Bryan:

That's helpful, I think. Yeah, absolutely. You talked earlier about how at your church, you guys have really only met, I think, did you say twice in the last year? So when we talk about building relationships online, what do you think that's going to look like when it's both online and in person? How do you bridge that? What do you think that's going to look like in the future?

Brandi:

That's a great question, and those are conversations that we're having behind the scenes right now because we don't know. We're actually trying to figure out right now at church how can we meet in person whenever we do come back together later this year, but also make sure that our relationships and congregation or the members online that we built this past year, they still feel heard and everything?

Brandi:

So one of the things that we're doing... and we've actually done this in the past few months... is that we use our pulpit... Because we do have some people in the church when we record. We're not just talking to you in the building. We make sure that the pastor and the worship leader actually talk to the people watching online, and they do a great job. Our minister of music, he's always right before worship starts, "Hey, talk to us in a chat. Let us know what's going..." Or, "Type this in the chat if you completely feel me," and our pastor asks questions in the chat. He's intentional about acknowledging that people online. So that's one thing we do know we're going to continue going forward to make sure people in the building and online.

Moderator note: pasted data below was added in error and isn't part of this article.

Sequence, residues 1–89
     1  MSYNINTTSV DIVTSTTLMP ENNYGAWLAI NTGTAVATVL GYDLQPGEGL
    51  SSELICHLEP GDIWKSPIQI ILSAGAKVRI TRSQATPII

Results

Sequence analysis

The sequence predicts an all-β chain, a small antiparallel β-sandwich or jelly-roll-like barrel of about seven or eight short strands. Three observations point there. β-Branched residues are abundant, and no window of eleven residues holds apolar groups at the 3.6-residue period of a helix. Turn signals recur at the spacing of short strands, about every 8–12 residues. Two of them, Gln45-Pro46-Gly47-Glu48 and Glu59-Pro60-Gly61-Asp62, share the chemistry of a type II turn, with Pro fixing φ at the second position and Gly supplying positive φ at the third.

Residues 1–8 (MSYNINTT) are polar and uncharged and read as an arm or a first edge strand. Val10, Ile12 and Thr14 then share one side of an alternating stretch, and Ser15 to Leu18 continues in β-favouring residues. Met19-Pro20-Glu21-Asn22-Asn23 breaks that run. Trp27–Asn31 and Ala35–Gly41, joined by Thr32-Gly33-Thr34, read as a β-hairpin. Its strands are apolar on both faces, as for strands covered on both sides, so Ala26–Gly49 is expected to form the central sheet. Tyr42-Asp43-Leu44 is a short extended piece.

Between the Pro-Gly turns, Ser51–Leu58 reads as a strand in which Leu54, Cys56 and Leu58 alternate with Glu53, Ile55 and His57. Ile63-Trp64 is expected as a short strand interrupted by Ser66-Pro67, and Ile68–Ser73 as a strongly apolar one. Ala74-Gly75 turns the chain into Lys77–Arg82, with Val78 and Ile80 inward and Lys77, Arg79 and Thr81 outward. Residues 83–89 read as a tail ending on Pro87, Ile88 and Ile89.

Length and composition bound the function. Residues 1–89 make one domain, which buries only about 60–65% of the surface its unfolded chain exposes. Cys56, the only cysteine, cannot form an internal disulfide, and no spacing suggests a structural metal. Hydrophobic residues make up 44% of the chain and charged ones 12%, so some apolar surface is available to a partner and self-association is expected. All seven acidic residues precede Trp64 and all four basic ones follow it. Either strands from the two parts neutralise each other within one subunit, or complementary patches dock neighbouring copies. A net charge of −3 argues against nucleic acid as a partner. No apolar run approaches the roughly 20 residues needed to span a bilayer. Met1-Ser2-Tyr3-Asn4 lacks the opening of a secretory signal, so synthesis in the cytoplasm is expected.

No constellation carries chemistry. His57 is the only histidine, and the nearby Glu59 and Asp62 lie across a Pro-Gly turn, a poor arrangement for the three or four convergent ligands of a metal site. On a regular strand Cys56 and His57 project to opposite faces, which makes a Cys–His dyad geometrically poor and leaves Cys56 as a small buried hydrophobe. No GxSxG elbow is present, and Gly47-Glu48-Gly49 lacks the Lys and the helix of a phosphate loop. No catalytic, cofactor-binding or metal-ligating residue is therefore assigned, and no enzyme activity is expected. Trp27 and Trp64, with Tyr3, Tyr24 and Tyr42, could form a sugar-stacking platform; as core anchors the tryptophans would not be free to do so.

Bryan: